A Christian’s obligation to love his neighbour (13:8-10)

v. 8

Paul now returns to the individual Christian’s obligation to love. But before he does so, he reminds us we are “to owe no one anything.”[7] Our only indebtedness as believers is “to love each other.” This does not mean we do not have other obligations.  In 1:14, Paul speaks of his obligation to preach the gospel to everyone.  And in 8:12-13, he instructs us that we are under obligation to the Holy Spirit to live a life pleasing to him. So our obligation is to God, but we also must love others. We can be released from the obligation to the state by paying its taxes and respecting and honouring our rulers, but we can never be free of the obligation to love. The commandment to love is a major theme throughout the Old and New Testament (12:10; John 13:34; 15:12; 1 Corinthians 13; Philippians 2:3–4; 1 Thessalonians 4:9; Hebrews 13:1; 2 Peter 1:7; 1 John 3:11; 4:7, 11–12; Leviticus 19:18; Deuteronomy 6:5; 10:12,19; 11:1,13,22; 13:3; 19:9; 30:6,16,20).  Paul says, we fulfill the law by loving one another. However, although a believer has “fulfilled the law,” they have not exhausted their obligation to love. That obligation always remains an outstanding debt.  It is surprising, though, that Paul says a Christian had fulfilled the law when in chapter 7, he said we are incapable of fulfilling it on our own. As well Paul also says:

God has done what the law, weakened by the flesh, could not do. By sending his own Son in the likeness of sinful flesh and for sin, he condemned sin in the flesh in order so that the righteous requirement of the law might be fulfilled in us. (8:3-4a)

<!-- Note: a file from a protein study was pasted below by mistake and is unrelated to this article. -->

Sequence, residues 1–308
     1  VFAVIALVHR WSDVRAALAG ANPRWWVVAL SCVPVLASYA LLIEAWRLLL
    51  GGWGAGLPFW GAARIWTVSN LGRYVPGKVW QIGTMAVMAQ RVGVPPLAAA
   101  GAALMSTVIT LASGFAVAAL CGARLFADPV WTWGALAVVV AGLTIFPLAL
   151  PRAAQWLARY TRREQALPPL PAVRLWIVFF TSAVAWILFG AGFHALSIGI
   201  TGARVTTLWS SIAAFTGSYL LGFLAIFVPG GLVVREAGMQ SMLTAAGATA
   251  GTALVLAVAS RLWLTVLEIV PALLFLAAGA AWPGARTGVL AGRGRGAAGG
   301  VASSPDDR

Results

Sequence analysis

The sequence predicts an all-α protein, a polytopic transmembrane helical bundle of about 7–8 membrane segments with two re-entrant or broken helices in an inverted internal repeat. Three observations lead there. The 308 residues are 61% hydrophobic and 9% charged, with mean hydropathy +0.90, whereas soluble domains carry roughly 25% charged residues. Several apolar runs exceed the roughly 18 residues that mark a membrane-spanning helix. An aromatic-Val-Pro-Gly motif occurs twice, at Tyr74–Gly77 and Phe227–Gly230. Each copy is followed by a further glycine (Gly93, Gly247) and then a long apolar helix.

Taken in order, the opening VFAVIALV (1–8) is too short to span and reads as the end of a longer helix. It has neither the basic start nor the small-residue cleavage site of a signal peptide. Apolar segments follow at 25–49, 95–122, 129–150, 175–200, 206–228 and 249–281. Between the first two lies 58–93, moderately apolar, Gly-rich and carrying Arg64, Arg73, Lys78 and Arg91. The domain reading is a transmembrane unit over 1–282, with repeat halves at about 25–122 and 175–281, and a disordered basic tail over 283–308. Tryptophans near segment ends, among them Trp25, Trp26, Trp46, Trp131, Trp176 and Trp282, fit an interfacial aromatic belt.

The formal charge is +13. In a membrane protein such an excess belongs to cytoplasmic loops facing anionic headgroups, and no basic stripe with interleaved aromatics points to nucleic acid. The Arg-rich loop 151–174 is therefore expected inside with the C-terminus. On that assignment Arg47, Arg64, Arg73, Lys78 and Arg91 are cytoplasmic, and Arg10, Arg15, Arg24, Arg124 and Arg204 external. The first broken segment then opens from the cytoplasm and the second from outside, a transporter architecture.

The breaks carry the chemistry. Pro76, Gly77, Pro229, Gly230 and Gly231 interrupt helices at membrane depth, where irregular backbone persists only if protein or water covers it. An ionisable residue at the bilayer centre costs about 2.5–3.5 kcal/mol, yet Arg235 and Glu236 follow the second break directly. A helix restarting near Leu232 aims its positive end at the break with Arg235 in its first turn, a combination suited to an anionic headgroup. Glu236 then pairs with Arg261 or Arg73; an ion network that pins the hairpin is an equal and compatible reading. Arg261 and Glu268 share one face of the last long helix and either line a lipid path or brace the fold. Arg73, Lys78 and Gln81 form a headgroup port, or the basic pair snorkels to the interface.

We can fulfill these requirements by walking according to the Spirit, living according to the Spirit and setting our mind on the Holy Spirit (8:4-6). This is possible only if the “Spirit of God dwells in you” (8:9). So as John states in his letter, the reason we can love one another is that love is from God (1 John 4:7). John goes on to say, “We love because he [God] first loved us” (1 John 4:19) Our ability to love one another is God’s love flowing through us by the power of the Spirit (cf. 15:30).

vv. 9-10

Paul now describes what this love means. He first lists the second table in the Ten Commandments,[8] and adds, “and any other commandment.” He then declares these laws are all “summed up” by quoting Leviticus 19:19, “You shall love your neighbor as yourself.” Loving ourselves is not an implicit command to self-love. It simply means we are to love with sincere and real love. Paul also explains why love sums up these commands. It is because “love does no wrong.”  

            Of first importance is that neighbour-love does no harm. It is unthinkable for us to harm those whom we love intentionally.  Similarly, as we seek our good and avoid personal harm, we also seek our neighbour’s good and avoid doing them any harm. Given what Paul has previously said earlier in the letter about the Mosaic law, this positive view of the law is noteworthy.

So, we find the law and love come together in the great command of God. This is what Jesus himself said to one of the Jewish leaders when asked about the greatest commandment of the Law. Jesus replied:

You shall love the Lord your God with all your heart and with all your soul and with all your mind. This is the great and first commandment. And a second is like it: You shall love your neighbor as yourself. On these two commandments depend all the Law and the Prophets.”  (Matthew 33:37-40)

These two commands are not two independent commands. When Paul only quotes the second commandment, he implicitly includes the first. It is only because we love God that we are filled with the Spirit and so are enabled to love our neighbour. Both of these commands are summed up as “the law of Christ” (Galatians 6:2). In the context of Leviticus 19:18, the neighbour is a fellow Israelite. But a few verses later, Israel is instructed to love the non-Israeli foreigner (Leviticus 19:34). And if there is any doubt to whom “neighbour” refers, Jesus makes it clear in the parable of the good Samaritan (Luke 10:29-37).